Redefining political coverage

By John Lendman

When Kate Soglin arrived at the California Democratic Party Convention in San Diego on April 29, 2007, she stood out like a sore thumb.

She waited nervously, teetering in her high heels and leopard-print dress, armed with her press pass and a microphone at the news conference. She moved throughout the crowd, pleading for Sen. John Edwards’ attention until he pointed to her among the other reporters, prompting her to ask a question.

The room filled with laughter as she clutched her microphone tightly, hesitant as to what to ask. She was not a reporter and didn’t fully understand politics in general, she said. But that was never a problem before.

“All these [reporters] were staring at me, and some people where actually taking photos of me,” she said. “I honestly didn’t know who [Edwards] was. I heard him speak and he was talking about jobs for everybody so we thought, ‘Let’s go and find out why.'”

“Hi, I’m Citizen Kate from Citizen Kate TV, I’m new to this whole process,” she told Edwards, while her cameraman filmed. “But I was wondering if you know what it takes to be a great leader?”

As Edwards smiled, the hall of conservatively dressed, seasoned reporters chuckled, only to be silenced by the former Democratic presidential candidate.

“You guys lay off a little bit, OK?” Edwards said to the crowd. Then he answered her question relaxed and honestly.

“That’s when we knew we were on to something,” Soglin said.

Since arriving on the campaign trail in February 2007, when Sen. Barack Obama announced his candidacy for president in Springfield, Ill., Soglin, a 30-year-old Chicagoan, has been reporting as one of the nation’s first “citizen journalists” covering the 2008 Presidential election. Like most citizen reporters, she had no formal journalism training or experience working for any particular media group, but her online video blog,, has thrived.

Critics of her site have equated her reporting style as a cross between Elle Woods from Legally Blonde and Jon Stewart from “The Daily Show.” The Chicago Tribune and YouTube video collective,, identified Citizen Kate as the first “Obama stalker” in February of 2007, searching for her chance to meet the Illinois senator.

“Citizen Kate is kind of a citizen journalist project that’s a parody of [reporters] out on the road and out at the conventions,” said Steve Rhodes, editor and creator of

Rhodes, who features on the political section of his Chicago-centric, media critique blog, said he’s a fan of Soglin’s work because unlike most political reporters or citizen journalists, she has no clear bias and attends conventions and interviews candidates from campaigns that receive little media attention, such as Independent Party nominee Ralph Nader, Green Party nominee Cynthia McKinney and Libertarian Party nominee Bob Barr, to name a few.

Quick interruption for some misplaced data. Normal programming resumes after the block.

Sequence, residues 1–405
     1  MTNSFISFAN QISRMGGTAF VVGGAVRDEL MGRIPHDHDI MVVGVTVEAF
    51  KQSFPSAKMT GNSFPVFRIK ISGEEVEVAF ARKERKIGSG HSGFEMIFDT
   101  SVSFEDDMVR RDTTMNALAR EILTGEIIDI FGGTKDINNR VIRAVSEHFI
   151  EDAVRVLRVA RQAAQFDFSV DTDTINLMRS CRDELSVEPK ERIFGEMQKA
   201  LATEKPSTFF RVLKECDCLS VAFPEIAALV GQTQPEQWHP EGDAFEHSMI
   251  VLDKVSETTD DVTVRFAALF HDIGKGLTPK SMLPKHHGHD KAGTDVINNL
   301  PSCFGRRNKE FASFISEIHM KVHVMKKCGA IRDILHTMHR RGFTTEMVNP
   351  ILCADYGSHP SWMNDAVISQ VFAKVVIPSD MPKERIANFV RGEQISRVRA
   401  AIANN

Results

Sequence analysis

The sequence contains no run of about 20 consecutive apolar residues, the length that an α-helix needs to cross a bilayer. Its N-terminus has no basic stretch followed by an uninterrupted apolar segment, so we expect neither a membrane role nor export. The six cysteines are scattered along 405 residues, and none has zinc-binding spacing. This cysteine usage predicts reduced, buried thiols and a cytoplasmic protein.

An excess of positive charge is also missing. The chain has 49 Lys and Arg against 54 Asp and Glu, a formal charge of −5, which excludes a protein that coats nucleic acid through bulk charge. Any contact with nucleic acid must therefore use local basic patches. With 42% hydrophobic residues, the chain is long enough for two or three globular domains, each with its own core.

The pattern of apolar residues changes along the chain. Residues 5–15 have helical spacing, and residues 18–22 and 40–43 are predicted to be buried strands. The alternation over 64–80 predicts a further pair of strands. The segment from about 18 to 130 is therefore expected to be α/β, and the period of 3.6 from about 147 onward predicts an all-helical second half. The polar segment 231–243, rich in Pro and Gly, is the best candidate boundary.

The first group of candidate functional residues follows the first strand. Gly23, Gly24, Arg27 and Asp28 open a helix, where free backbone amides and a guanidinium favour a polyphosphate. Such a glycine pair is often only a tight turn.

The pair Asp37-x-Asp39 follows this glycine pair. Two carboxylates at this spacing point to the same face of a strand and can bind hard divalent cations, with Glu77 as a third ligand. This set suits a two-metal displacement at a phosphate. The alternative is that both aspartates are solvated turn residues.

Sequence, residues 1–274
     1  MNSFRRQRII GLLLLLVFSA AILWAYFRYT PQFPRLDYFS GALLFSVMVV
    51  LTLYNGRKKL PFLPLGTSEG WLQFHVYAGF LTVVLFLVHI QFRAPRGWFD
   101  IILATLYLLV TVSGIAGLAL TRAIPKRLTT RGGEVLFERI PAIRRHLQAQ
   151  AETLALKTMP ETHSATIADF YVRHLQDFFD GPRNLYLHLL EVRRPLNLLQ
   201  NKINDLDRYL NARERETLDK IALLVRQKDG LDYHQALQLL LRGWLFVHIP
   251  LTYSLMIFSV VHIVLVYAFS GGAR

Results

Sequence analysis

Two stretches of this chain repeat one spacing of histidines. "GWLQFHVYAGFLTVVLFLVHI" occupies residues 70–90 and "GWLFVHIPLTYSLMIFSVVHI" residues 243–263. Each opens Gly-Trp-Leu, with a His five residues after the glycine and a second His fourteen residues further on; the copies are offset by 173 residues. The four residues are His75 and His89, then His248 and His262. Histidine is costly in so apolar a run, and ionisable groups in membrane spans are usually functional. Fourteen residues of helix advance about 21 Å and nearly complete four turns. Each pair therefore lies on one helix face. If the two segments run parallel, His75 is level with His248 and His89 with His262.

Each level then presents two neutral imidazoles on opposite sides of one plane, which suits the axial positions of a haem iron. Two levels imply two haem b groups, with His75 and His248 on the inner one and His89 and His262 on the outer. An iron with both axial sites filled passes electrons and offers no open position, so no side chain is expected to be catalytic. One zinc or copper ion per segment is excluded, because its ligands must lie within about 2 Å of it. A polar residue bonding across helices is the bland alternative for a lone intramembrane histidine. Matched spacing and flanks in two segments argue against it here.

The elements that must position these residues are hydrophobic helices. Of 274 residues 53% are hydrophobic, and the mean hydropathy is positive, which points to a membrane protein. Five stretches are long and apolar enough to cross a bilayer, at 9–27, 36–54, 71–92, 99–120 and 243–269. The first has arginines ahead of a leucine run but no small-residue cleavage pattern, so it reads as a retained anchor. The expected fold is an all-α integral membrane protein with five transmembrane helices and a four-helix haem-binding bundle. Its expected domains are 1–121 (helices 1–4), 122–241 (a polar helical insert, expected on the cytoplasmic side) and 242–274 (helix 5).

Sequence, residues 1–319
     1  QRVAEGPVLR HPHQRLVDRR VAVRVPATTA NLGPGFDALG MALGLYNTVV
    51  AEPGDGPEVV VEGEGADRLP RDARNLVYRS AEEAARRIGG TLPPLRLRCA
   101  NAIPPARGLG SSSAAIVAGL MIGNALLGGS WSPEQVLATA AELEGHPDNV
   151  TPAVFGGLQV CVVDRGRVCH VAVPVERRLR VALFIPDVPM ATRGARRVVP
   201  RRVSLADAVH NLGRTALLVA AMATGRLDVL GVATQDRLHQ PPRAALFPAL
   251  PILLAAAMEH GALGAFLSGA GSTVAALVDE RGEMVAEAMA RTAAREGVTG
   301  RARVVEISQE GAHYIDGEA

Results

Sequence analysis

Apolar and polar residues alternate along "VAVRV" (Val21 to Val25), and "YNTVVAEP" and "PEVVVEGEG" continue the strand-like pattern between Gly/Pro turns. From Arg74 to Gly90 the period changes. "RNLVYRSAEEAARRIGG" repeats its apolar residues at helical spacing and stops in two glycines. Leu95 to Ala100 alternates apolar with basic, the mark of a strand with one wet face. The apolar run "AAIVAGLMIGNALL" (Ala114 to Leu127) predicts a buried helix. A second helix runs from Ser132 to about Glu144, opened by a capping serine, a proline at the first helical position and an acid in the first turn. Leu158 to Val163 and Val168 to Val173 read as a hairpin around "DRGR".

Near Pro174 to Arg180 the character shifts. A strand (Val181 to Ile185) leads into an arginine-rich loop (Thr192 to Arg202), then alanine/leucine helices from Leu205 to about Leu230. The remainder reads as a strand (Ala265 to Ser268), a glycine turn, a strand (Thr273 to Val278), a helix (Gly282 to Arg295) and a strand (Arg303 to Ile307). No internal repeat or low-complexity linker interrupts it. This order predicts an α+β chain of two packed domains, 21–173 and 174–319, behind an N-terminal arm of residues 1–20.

What makes the premise of the online broadcast unique is the disarming way Soglin asks questions as well, said Carey Lundin, executive producer and creator of She asks questions such as, “Do you think this hat [covered in campaign buttons] goes with these shoes?,” “Do you think we can change the world with peace and hugs?” and “You seem to always be right, have you ever been wrong?”

Lundin, who was friends with Soglin long before they began filming, said the site gets as many as 300,000 visitors a month-a steep increase from the less than 100 or so monthly viewers tuning in when the site launched.

“A lot of times the story evolves and changes; the magic happens when Kate is there and in the moment,” Lundin said. “What we end up doing is sort of a hybrid of planning, access and Kate in the moment-and then real life takes over.”

The idea of the show is not so much the coverage of events but accounts of the experiences following a young person on the campaign trail seeking a candidate who may earn her vote, Lundin said.

“In the beginning we had nothing. We didn’t have the website up, we were just like, ‘Let’s just try it out and see what happens and where it goes from there,'” Soglin said. “We were kind of learning as we went, and I think the format really found itself.”

Soglin said she always asks candidates and elected officials, “What does it take to be a great leader?”

“I try to get them to laugh and smile [while] trying to connect with them at a more personal level,” she said. “If I can’t understand what’s going on, I figure nobody can.”

After the Presidential election, Soglin and plans to keep reporting on issues that affect the general public while shedding light on political issues.

“It’s been really interesting and eye-opening,” Soglin said. “I think it’s important for all citizens to sort of experience the political process.”

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